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Viewpoint from Victor Hulbert 15/07/2016 

Victor Hulbert 1Victor Hulbert
Communications &  Media Director
Seventh-day Adventist Church, Trans-European Division

I feel I make a difference!


It was a stark, uncomfortable question that the 14-year old Yazidi boy asked me.  “If you as a European had seen 500 people killed right in front of you, how would you feel?”  How could I respond?  I can’t even imagine one family member being killed in front of me.  No wonder that Assad does not sleep at night, has psychosocial problems, and needs security – a security that would come from being with family

dove leftI met Assad at a refugee camp.  I’d never been to one before, but had heard so much in the media that I thought I should investigate for myself.  EasyJet took me the three hours to Thessaloniki, Greece;  I then drove south two hours to Petra refugee camp on the slopes of Mount Olympus.  There were no Greek gods to thunder at me on that famous mountain, but rather 1,114 Yazidi refugees, 480 of them children, the majority of the rest of them women.  I may have heard their stories from a distance, but meeting them face-to-face, that was something else!

Assad has an older brother.  He left northern Iraq for Germany three weeks before him. Despite the treacherous crossing across the Aegean Sea to Lesbos, he arrived safely.  Assad, as an unaccompanied minor, then started his own journey, following in his brother’s footsteps – only he couldn’t.  By the time he reached Greece the borders were closed.  As a Yazidi, a persecuted minority, he is not safe in Iraq or Syria. He cannot go back home.  Like 50,000 other refugees, he is stuck.  The Greek government and various charities are doing their best but ultimately, for Assad, the only answer is to be reunited with his brother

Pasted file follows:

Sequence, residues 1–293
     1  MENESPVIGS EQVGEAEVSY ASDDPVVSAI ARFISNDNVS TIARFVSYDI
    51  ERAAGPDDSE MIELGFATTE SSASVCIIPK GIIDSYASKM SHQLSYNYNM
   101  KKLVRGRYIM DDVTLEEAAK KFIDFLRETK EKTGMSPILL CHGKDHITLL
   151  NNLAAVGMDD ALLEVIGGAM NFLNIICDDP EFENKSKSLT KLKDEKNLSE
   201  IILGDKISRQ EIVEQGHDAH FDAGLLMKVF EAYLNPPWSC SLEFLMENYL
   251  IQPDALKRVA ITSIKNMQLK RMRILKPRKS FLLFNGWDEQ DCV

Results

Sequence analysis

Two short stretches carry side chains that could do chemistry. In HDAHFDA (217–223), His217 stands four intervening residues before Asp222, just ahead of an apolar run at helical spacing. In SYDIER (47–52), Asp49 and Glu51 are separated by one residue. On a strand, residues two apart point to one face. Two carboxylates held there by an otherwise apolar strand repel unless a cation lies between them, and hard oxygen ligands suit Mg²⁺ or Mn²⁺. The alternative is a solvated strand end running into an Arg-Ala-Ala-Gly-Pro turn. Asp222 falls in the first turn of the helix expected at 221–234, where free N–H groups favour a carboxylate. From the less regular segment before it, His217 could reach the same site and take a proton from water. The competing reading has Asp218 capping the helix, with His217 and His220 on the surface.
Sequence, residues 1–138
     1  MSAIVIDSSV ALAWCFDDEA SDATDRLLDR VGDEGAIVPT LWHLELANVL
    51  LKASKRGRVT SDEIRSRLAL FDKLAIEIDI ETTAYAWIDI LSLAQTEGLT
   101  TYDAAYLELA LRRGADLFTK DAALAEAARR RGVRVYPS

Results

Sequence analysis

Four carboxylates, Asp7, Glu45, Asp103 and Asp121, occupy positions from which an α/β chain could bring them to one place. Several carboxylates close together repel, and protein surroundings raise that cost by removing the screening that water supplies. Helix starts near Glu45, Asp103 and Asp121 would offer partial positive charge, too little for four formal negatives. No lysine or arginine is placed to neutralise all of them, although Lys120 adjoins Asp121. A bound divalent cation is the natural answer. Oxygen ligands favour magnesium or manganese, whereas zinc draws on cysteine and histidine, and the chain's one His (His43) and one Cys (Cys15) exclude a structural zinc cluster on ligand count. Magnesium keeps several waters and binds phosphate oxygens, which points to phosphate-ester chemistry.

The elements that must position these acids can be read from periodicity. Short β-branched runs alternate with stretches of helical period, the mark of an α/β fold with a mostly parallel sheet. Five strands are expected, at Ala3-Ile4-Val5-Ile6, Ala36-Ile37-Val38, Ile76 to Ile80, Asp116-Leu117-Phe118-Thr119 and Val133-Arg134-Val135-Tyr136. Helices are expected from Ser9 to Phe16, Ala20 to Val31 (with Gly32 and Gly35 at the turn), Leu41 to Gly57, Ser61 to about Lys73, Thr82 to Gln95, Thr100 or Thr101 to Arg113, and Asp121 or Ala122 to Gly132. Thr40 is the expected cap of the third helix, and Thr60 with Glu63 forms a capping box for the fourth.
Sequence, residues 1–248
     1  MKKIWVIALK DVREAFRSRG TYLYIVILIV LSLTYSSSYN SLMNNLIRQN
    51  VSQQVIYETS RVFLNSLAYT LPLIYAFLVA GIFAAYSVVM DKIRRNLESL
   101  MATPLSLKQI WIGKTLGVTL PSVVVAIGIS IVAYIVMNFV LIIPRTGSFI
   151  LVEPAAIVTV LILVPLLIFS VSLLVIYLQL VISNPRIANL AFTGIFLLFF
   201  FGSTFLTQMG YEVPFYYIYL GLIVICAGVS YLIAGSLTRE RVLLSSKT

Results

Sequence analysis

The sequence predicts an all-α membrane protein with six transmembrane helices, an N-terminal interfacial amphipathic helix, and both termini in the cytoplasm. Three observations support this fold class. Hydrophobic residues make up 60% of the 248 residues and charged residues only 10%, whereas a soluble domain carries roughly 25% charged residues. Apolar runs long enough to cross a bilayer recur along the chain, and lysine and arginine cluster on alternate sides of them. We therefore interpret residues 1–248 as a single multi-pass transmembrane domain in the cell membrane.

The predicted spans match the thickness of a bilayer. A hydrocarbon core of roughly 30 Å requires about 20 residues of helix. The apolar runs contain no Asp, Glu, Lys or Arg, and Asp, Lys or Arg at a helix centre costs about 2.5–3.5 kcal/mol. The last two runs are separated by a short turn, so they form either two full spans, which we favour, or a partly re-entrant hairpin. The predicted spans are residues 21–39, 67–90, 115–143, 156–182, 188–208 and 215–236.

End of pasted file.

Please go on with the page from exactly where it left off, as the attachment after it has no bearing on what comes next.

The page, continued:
I heard many similar stories during my time at the camp – after all, the residents have little else to do but talk.  They want their story to be heard. They are crying out to the world to be heard.  But there is another side to the story that impressed me, gave me hope.  I also talked to and watched the Aid Workers and volunteers

Dove rightSara Koujji is an interpreter working for the Adventist Development and Relief Agency (ADRA).  She spends most of her time with children and teens, helping psychologists with psychosocial care.  Why does she do it?  “Because I feel I belong here and I make a difference” she says.  I watched her and other staff go way beyond the call of duty, sharing skills, but more importantly, unselfish love

Frank Brenda is in charge of the ADRA programme.  He says, “I have this passion – the passion that I want to minister and actually to help people and also show the love of Jesus Christ through what we are doing”

That is something I understand – and having visited my first refugee camp, I too feel that need to make a difference.  I know look at this crisis through different eyes

watch Victor’s moving video report: